Money Laundering

Money Laundering meaning in law

Money laundering is a term used to describe a scheme in which criminals try to disguise the identity, original ownership, and destination of money that they have obtained through criminal conduct. The laundering is done with the intention of making it seem that the proceeds have come from a legitimate source. A simpler definition of money laundering would be a series of financial transactions that are intended to transform ill-gotten gains into legitimate money or other assets. To explore this concept, consider the following money laundering definition.

Definition of Money Laundering


  1. The act of disguising the source or true nature of money obtained through illegal means.


1300-1350 Middle English Launder: to wash

1970-1975 Term first applied to legal concept of money laundering

What is Money Laundering

When money is obtained from criminal acts such as drug trafficking or illegal gambling, the money is considered “dirty” in that it may seem suspicious if deposited directly into a bank or other financial institution. Because the money’s owner needs to create financial records ostensibly showing where the money came from, the money must be “cleaned.”  Therefore money laundering means running the money through a number of legitimate businesses before depositing it. Because the act is specifically used to hide illegally obtained money, it too is unlawful.

Different jurisdictions, both foreign and domestic, have their own specific definitions of what acts constitute the crime of money laundering. Which enforcement agency has the authority to investigate money laundering, as well as punishments for the crime, are outlined in the statutes of each jurisdiction.

It has been estimated that at least $300 billion is laundered each year in the United States alone. According to a 2009 study published by the United States Sentencing Commission, more than 81,000 people are convicted of money laundering on some level each year in the United States.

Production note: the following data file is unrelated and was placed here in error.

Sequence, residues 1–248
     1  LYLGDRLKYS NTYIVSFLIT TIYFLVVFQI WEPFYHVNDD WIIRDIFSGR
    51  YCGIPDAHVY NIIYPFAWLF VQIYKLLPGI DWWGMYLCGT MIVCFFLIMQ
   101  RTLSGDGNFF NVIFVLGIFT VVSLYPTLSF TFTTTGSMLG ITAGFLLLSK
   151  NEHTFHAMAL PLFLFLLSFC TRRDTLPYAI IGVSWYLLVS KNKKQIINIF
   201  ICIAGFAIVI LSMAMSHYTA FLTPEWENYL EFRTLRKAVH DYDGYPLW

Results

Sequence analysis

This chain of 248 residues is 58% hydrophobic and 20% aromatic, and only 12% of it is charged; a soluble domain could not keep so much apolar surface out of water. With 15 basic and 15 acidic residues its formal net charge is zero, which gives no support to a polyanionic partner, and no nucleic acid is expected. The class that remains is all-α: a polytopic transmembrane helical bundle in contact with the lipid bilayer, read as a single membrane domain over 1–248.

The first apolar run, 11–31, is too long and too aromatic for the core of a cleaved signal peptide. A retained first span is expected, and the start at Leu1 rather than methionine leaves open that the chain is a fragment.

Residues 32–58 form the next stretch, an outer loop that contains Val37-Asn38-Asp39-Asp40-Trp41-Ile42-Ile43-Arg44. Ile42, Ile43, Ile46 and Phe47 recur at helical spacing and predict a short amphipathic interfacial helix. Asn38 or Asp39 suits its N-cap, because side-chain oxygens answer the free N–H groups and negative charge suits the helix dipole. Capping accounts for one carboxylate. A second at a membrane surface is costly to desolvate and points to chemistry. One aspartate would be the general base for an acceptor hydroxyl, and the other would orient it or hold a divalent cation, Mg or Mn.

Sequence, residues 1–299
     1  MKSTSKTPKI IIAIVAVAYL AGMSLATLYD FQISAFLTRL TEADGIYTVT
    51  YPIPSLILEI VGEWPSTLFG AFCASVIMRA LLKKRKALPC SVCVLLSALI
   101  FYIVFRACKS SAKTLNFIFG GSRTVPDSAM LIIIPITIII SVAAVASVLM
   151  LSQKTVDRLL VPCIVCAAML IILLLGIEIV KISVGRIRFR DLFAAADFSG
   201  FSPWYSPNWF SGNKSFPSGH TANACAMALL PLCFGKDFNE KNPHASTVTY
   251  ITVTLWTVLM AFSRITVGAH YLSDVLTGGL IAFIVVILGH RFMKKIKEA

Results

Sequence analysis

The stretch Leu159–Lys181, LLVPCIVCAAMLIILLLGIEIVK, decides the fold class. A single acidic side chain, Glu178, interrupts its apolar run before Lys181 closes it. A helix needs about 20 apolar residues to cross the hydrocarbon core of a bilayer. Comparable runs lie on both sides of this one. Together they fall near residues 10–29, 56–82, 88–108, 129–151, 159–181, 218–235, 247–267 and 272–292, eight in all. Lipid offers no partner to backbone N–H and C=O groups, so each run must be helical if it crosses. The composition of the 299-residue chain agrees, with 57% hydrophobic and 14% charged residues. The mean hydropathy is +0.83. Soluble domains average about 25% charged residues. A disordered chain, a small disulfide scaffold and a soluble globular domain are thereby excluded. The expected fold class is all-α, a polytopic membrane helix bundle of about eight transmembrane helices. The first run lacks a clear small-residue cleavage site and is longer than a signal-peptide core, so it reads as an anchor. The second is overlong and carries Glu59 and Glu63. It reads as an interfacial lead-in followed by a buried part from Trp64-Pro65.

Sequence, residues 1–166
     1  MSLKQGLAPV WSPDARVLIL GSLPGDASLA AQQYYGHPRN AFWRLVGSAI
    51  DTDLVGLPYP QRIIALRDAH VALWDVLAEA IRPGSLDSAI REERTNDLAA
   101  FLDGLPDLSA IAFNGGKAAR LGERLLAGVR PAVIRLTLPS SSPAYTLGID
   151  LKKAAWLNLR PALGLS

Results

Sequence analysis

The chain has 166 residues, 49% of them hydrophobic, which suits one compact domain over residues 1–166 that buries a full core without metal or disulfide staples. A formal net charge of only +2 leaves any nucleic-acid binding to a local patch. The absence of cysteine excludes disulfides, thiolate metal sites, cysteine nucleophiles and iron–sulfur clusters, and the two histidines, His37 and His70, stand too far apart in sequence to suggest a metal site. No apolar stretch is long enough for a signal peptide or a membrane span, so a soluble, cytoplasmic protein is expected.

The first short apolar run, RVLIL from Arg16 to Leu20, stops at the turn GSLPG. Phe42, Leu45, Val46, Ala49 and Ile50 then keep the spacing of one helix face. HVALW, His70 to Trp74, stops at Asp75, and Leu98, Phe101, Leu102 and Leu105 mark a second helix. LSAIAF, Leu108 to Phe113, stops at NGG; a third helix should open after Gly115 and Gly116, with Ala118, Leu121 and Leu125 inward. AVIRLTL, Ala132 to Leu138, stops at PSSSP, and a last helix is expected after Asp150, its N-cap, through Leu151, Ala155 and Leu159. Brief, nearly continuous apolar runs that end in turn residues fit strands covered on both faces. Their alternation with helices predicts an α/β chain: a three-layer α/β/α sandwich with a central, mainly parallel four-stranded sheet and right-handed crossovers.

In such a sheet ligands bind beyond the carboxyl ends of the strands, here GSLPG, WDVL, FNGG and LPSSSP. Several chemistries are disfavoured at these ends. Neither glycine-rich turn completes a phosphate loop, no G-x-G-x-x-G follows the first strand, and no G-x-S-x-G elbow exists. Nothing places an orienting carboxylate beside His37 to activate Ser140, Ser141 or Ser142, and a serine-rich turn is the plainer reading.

Steps in Money Laundering

Money laundering is accomplished in many ways, though most include three common steps, including

  1. Obtaining the money or introducing it into the financial system in some way
  2. Transferring or concealing the source of the money through complex or multiple transactions
  3. Returning the money back into the financial world so that it appears legitimate.

Of these steps, placement of the money into financial institutions is the most difficult. This is because the Bank Secrecy Act of 1970 requires financial institutions to report deposits over $10,000 in a single day. To circumvent this step then, launderers funnel cash through a legitimate high-cash business, such as a check cashing service, bar, nightclub, or convenience store.

Ways Criminals Avoid Detection

Large scale criminal groups may use complex money laundering techniques in order to avoid detection. However, smaller scale criminals or first time offenders often use simpler methods in their attempt avoid detection. Such money laundering techniques may include:

  • Transferring money from bank to bank or from account to account
  • Breaking up large amounts into smaller bank deposits
  • Purchasing money orders in smaller money amounts
  • Breaking the cash into small amounts and purchasing cashier’s checks

For example, Sally steals a large amount of cash from her business. She wants the money to go undetected, so instead of making one large deposit into her savings or banking account, she breaks the money up and deposits one small amount each week. This ensures the bank does not look at her transaction suspiciously since it is uncommon for her to deposit large sums of money.

Money Laundering Techniques

There are many forms of money laundering though some are more common and profitable than others. Some of the more popular money laundering techniques include: